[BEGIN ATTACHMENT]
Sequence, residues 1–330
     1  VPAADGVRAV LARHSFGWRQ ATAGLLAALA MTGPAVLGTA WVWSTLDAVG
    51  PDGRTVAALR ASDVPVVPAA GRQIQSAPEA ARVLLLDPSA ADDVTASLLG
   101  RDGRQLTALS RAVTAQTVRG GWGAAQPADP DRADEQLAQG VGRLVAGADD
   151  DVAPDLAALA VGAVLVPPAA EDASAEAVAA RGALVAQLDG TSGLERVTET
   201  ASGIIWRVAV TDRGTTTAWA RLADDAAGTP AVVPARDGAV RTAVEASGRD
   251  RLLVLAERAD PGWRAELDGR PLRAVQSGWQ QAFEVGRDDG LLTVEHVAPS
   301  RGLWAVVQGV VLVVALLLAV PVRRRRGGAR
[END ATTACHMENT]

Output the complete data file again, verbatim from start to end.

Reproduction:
Sequence, residues 1–330
     1  VPAADGVRAV LARHSFGWRQ ATAGLLAALA MTGPAVLGTA WVWSTLDAVG
    51  PDGRTVAALR ASDVPVVPAA GRQIQSAPEA ARVLLLDPSA ADDVTASLLG
   101  RDGRQLTALS RAVTAQTVRG GWGAAQPADP DRADEQLAQG VGRLVAGADD
   151  DVAPDLAALA VGAVLVPPAA EDASAEAVAA RGALVAQLDG TSGLERVTET
   201  ASGIIWRVAV TDRGTTTAWA RLADDAAGTP AVVPARDGAV RTAVEASGRD
   251  RLLVLAERAD PGWRAELDGR PLRAVQSGWQ QAFEVGRDDG LLTVEHVAPS
   301  RGLWAVVQGV VLVVALLLAV PVRRRRGGAR